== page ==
Why I (sort of, but not really) believe in TITHING
- Tithing (giving 10%) applies as much to new covenant believers as it does to old covenant believers. Christians are to give one tenth of their (ideally gross) income as offering.
- Tithing is an old covenant command that does not apply at all to new covenant believers. Christians are not commanded to tithe but to give generously.
- Tithing is an old covenant command but still has ‘guideline’ relevance to new covenant believers. Christians can use 10% of their income as a minimum guideline and give generously on top of that.
What’s my view? Well, as the title suggests, I sort of believe in tithing, but not really. In essence, I don’t subscribe to any of the above views as I think the Biblical picture is more nuanced than any of them.
So this is what I’ve gleaned so far from the Bible’s teaching on tithing:
- When you remember the context of the old covenant, you will see that the ‘tithes’ applied to Israel in terms of land and produce, not cash and money. Furthermore, it operated as a taxation system as well as social welfare.
- It is a mistake to think that giving one tenth of income was a ‘flat absolute’ even in the old covenant. If you look at the Biblical material, you’ll find that at least two (some argue three) different ‘tithes’ existed: (i) The Levitical tithe, in order to support the Levites who served God full time and didn’t have their own land and ability to produce. Lev. 27:30. (ii) The Festival tithe, in order that the Israelites may celebrate in the presence of the LORD every year. This tithe was on top of the tenth that were given to the Levites. Deut. 14:22-27.
- In addition to these two tithes, the Levites themselves were to ‘tithe’ as an offering to the LORD (Num. 18:21-32). And every third year, the ‘Festival’ tithe was to be stored in their own towns in order to bless the poor, the widows and the Levites who live among them (Deut. 14:28-29 – some would say that this is the ‘third tithe’, though my reading is that it’s a variation of the second tithe). I’m not sure how the numbers got crunched, but I’ve read that something more like 23.3% of their income was ‘tithed’, rather than 10%.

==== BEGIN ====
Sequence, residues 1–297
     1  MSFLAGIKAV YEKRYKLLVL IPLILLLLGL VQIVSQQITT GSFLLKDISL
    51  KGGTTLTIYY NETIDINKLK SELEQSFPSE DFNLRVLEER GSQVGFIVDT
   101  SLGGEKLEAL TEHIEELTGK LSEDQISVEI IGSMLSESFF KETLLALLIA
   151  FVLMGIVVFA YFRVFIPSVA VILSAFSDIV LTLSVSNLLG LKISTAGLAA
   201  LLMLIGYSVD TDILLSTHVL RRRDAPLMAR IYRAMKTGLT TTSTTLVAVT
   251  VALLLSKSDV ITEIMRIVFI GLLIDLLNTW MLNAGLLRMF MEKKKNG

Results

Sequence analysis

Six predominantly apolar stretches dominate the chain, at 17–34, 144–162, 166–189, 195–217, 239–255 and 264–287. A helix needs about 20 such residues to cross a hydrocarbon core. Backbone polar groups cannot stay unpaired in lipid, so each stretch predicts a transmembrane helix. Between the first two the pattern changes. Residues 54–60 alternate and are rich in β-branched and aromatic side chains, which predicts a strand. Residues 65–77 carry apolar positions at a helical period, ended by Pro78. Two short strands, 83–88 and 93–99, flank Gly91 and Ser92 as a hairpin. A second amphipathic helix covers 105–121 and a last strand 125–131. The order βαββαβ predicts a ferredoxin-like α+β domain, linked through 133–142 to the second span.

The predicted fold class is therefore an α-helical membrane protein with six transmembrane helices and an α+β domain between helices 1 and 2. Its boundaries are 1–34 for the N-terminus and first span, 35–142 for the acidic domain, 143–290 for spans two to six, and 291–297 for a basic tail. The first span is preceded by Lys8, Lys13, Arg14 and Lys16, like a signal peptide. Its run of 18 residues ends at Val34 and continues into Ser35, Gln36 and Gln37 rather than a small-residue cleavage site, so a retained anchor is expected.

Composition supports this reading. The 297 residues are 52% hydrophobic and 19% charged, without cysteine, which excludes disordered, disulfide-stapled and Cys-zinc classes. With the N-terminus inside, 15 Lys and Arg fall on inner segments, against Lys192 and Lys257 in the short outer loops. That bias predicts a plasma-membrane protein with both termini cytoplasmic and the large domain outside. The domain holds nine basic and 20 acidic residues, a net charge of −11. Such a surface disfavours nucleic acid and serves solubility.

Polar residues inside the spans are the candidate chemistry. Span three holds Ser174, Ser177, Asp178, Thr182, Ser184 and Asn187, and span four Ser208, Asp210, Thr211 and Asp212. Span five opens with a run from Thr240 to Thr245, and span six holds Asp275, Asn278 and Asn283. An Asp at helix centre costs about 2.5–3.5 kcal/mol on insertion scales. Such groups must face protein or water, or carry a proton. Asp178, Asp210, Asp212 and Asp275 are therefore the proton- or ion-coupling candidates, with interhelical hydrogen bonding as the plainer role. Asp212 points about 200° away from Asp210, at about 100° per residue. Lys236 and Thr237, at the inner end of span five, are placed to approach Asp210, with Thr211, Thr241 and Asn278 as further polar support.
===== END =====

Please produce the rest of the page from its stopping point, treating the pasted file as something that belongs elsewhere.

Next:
- The tithe in the old covenant existed in the midst of general commands to generosity (Lev. 19:9-10) and the various kinds of cultic and freewill offerings (Lev. 1-7). In short, it seemed like the LORD was more interested in establishing an open-handed ‘giving culture’ than to give a hard-and-fast rule about how much to give.
- There is no evidence that the poor, sojourners, widows, servants or those who didn’t own land were ever required to tithe in the Old Testament. The exception, as already mentioned, was Levites and priests who themselves received tithes but were also commanded to tithe back to God (Num. 18:21-32).
- The tithe existed before the Mosaic Law as something of a cultural norm for giving. Thus Abraham ‘tithed’ when he gave to Melchizedek (Gen. 14:17-20), and Jacob ‘tithed’ as well (Gen. 28:22).